The followers of John Huss, so called from the fortified city of Tabor, erected on a mountain, in the circle of Bechin, in Bohemia, which had been consecrated by the field preaching of Huss. The gentle and pious mind of that martyr never could have anticipated, far less approved of, the terrible revenge which his Bohemian adherents took upon the emperor, the empire, and the clergy, in one of the most dreadful and bloody wars ever known. The Hussites commenced their vengeance by the destruction of the convents and churches, on which occasions many of the priests and monks were murdered. John Ziska, a Bohemian knight, formed a numerous, well-mounted, and disciplined army, which built Tabor, as above described, and rendered it an impregnable depot and place of defenceHe was called Ziska of the Cupbecause one great point for which the Hussites contended was the use of the cup by the laity in the sacrament. At his death, in 1424, the immense mass of people whom he had collected fell to pieces; but, under Procopius, who succeeded Ziska as general, the Hussites again rallied, and gained decisive victories over, the imperial armies in 1427 and 1431. After this, as all parties were desirous of coming to terms of peace, the Council of Basle interposed, and a compromise was made; but hostilities again broke out in 1434, when the Taborites gained a complete victory. Owing, however, to the treachery of Sigismund, whom they had aided in ascendine the throne, they were much weakened; and from this time they abstained from warfare, and maintained their disputes with the Catholics only in the deliberations of the Diet, and in theological controversial writings, by means of which their creed acquired a purity and completeness which made it similar, in many respects, to the Protestant confessions of the sixteenth century. Encroachments were gradually made on their religious freedom, and they continued to suffer until they gradually merged into the Bohemian Brethren, which see.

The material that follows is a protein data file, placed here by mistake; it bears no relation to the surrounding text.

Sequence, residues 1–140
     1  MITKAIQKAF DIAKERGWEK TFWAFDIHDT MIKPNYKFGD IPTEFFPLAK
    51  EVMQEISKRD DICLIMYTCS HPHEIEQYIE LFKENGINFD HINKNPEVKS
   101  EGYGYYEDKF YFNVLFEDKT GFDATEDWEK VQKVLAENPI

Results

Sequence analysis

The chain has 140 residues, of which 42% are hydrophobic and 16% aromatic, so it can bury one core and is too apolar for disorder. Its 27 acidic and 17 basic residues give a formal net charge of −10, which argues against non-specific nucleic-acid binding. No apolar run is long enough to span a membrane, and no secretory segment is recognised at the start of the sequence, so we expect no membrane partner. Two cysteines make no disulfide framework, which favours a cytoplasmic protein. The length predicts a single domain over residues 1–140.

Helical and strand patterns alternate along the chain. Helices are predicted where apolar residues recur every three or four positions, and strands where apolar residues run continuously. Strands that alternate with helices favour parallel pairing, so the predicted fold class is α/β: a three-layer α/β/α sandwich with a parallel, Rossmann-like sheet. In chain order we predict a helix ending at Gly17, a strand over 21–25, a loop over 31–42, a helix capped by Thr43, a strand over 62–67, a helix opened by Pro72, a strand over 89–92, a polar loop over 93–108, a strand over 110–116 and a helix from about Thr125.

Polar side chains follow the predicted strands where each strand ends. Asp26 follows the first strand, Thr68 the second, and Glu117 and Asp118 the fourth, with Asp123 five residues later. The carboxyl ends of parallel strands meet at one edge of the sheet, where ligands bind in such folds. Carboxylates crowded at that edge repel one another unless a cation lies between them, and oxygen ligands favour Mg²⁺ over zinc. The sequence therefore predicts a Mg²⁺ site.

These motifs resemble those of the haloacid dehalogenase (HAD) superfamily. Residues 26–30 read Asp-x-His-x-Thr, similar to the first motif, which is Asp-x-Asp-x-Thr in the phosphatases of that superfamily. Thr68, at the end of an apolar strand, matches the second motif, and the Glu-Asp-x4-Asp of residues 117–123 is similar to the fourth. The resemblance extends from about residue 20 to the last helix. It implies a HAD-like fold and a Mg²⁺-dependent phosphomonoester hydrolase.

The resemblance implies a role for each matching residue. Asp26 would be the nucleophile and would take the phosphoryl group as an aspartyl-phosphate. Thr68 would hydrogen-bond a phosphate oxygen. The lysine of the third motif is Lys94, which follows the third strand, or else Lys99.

A theological Dictionary – London 1833
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